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Childhood, outdoor games shaped Jokinen's career

By Adam Kimelman - NHL.com Deputy Managing Editor

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Childhood, outdoor games shaped Jokinen's career
Jokinen's youthful ingenuity paved way to NHL stardom.
It seems like every NHL player has an outdoor hockey story from their childhood.

Whether the ice surface was in a big city in North America or a tiny village in Eastern Europe, almost every player has their special tale of spending hour after frozen hour on a pond or outdoor rink.

We've seen and heard more of those stories with the advent of annual outdoor NHL games, including the 2011 Heritage Classic, which will feature the Calgary Flames playing the Montreal Canadiens at McMahon Stadium in Calgary on Feb. 20.

Many will talk about playing from sun-up to sundown -- or even later.

Only in the case of Flames center Olli Jokinen, he and his friends had to get a little creative in extending their outdoor time.

Jokinen grew up in the small town of Kuopio, Finland. Located about 240 miles north of Helsinki, in the central part of the Scandinavian country, Kuopio didn't offer much choice in the matter if Jokinen and his friends wanted to play hockey.

"The city where I grew up, at the time, we had one indoor rink," Jokinen told NHL.com. "You had no other choice. Once a month you got an indoor game. The rest of the time, you're outside."

Not that he's complaining, of course.

"You were usually able to skate outdoors a good six months, easily," he said. "Lot of snow. Sometimes after five minutes you had to stop the game and shovel the snow out and then keep going. It was all good. It was a really good experience going through that as a young kid. You didn't know any better. It was the normal thing."

Because he didn't start playing indoors regularly until he was 12, the outdoor rink near his home was where Jokinen spent most of his days. He and his friends would play as long as they could, but since the lights at the rink were programmed to turn off at a certain time, young Olli and his friends had to be a bit resourceful when they wanted to play longer.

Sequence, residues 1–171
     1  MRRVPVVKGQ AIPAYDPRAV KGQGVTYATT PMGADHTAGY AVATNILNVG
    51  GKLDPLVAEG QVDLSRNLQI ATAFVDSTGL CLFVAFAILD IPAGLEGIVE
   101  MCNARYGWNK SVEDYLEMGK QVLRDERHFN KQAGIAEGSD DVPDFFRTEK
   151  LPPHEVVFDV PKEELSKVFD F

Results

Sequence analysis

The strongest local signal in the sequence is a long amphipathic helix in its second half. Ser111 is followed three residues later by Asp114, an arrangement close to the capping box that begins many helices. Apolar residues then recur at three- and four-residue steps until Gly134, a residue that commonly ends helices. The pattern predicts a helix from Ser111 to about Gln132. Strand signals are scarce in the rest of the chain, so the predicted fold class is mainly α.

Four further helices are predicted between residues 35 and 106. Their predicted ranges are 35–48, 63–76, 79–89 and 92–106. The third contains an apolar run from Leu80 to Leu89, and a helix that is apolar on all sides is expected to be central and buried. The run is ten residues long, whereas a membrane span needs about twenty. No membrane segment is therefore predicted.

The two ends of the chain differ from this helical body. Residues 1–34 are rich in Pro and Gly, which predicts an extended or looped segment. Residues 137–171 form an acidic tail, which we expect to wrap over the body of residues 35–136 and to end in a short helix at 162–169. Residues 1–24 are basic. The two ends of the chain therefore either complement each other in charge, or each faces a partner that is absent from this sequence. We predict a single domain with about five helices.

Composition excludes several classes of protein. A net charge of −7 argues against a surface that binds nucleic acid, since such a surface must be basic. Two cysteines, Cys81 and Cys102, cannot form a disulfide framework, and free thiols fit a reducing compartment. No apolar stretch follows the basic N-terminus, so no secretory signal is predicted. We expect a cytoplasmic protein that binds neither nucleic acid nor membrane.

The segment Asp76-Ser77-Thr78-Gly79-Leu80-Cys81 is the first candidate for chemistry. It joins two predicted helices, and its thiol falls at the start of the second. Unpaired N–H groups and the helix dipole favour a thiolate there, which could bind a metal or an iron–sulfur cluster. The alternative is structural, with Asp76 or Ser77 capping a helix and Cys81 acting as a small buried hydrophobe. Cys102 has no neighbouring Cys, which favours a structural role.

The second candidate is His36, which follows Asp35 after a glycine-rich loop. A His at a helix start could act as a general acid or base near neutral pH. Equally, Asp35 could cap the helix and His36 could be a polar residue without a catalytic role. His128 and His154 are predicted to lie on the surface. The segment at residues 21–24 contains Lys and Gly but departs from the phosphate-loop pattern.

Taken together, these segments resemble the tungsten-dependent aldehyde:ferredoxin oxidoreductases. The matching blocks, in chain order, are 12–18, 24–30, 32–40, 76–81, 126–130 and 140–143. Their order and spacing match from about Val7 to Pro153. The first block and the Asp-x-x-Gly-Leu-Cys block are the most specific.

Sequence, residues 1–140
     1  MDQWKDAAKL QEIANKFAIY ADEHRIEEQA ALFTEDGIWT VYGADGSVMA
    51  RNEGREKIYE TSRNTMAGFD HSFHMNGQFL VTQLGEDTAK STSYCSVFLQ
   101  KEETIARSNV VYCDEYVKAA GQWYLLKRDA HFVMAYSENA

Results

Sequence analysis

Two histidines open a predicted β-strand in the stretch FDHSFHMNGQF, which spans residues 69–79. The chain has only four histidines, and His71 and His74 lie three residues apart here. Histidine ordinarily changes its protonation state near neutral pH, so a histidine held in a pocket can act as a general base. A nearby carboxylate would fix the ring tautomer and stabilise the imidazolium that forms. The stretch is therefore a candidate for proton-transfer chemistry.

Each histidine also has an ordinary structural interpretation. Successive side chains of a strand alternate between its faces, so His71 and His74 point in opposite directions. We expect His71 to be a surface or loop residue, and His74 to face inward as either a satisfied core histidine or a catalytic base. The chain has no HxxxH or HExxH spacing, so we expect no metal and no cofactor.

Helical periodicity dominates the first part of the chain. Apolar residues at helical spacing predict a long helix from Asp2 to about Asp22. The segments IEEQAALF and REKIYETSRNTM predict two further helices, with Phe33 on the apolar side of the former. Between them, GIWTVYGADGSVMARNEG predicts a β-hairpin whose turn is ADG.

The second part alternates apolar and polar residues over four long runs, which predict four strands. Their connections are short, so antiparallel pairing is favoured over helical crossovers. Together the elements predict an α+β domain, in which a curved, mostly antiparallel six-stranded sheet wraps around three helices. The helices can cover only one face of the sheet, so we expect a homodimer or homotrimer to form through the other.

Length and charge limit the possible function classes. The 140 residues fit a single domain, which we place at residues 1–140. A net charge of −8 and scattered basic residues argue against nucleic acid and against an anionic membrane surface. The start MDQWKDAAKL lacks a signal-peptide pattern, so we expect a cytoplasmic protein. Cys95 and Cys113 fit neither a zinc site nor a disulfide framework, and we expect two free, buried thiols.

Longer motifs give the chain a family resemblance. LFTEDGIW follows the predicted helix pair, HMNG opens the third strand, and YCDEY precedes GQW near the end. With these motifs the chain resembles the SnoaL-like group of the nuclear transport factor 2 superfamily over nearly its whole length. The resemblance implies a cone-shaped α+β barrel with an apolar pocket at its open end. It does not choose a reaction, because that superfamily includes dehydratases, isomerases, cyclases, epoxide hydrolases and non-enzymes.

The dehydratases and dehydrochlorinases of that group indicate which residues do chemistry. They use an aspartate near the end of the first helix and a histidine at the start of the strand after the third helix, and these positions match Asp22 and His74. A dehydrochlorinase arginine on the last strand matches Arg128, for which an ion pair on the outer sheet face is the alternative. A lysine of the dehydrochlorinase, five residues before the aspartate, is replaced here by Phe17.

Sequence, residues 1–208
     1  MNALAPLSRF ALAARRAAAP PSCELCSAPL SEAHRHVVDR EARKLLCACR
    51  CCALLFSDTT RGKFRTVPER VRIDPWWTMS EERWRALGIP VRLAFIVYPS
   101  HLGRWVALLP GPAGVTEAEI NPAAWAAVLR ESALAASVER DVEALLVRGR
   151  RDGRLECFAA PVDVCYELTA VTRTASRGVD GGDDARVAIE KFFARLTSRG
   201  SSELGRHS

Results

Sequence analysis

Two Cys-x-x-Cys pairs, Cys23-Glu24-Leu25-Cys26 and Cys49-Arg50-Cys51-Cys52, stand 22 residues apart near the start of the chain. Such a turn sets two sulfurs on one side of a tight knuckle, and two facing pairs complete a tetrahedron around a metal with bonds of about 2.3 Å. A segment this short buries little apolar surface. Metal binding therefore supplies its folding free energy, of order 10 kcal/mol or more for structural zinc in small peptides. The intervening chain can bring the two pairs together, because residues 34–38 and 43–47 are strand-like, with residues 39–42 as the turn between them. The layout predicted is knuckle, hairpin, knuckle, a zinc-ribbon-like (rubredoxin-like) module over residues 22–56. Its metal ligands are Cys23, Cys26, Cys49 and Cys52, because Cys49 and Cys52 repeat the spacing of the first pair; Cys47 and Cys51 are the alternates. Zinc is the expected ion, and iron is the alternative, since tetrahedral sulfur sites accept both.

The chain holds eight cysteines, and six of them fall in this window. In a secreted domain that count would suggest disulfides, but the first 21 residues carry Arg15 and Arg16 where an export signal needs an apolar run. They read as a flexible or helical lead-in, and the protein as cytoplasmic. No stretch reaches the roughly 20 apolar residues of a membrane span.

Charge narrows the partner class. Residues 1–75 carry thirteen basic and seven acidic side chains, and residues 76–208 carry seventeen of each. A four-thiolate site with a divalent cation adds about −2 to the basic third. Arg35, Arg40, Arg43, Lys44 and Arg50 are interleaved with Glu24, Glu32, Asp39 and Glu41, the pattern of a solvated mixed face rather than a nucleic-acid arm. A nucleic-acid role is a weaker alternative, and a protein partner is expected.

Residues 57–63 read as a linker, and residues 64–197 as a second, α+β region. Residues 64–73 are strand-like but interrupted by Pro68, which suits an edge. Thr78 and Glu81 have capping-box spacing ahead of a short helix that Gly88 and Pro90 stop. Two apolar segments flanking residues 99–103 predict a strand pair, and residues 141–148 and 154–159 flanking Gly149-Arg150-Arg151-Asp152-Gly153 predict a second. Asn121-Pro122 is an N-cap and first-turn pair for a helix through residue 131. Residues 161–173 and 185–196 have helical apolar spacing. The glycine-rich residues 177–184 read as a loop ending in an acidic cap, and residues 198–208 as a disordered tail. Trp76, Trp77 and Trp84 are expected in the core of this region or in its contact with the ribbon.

"They turned the lights off at 10 p.m., but we found a way to open the electricity box, and we usually extended it for two or three hours, turn the lights back on," he said. "They were set to automatically go off at 10, but a lot of weekends we were able to get three to four extra hours."

The extra ice time evidently served Jokinen well as he has become an NHL star.

Jokinen said one of the main outdoor rinks in the city also had a pond nearby. The younger or lesser-skilled kids played on the pond, while the older, better players were on the rink. It was a rite of passage to graduate to the big-boy games.

"I was 8," Jokinen said of when he made the jump from the pond to the rink. "All the good pick-up games were with kids of all ages, but all you had to skate with were a stick, gloves and skates -- that's it. No helmets. Goalies were wearing equipment, but that was it. There was hitting and lots of action, fights -- everything."

All that early action helped Jokinen grow into the player he is today -- a 6-foot-3, 215-pound center who entered the 2010-11 season with six 20-goal seasons and four seasons with at least 30 goals on his resume.

The No. 3 pick of the 1997 Entry Draft, Jokinen has 2 goals and 6 points in 12 games with the Flames this season, giving him 254 goals and 574 points in 892 games across 13 seasons with the Kings, Islanders, Panthers, Coyotes, Flames and Rangers.

He'll add to those fun memories this February, when he returns to his outdoor roots.

"I think for us, this year when we play the outdoor game, that's going to be a great experience for all of us," he said.

Contact Adam Kimelman at akimelman@nhl.com
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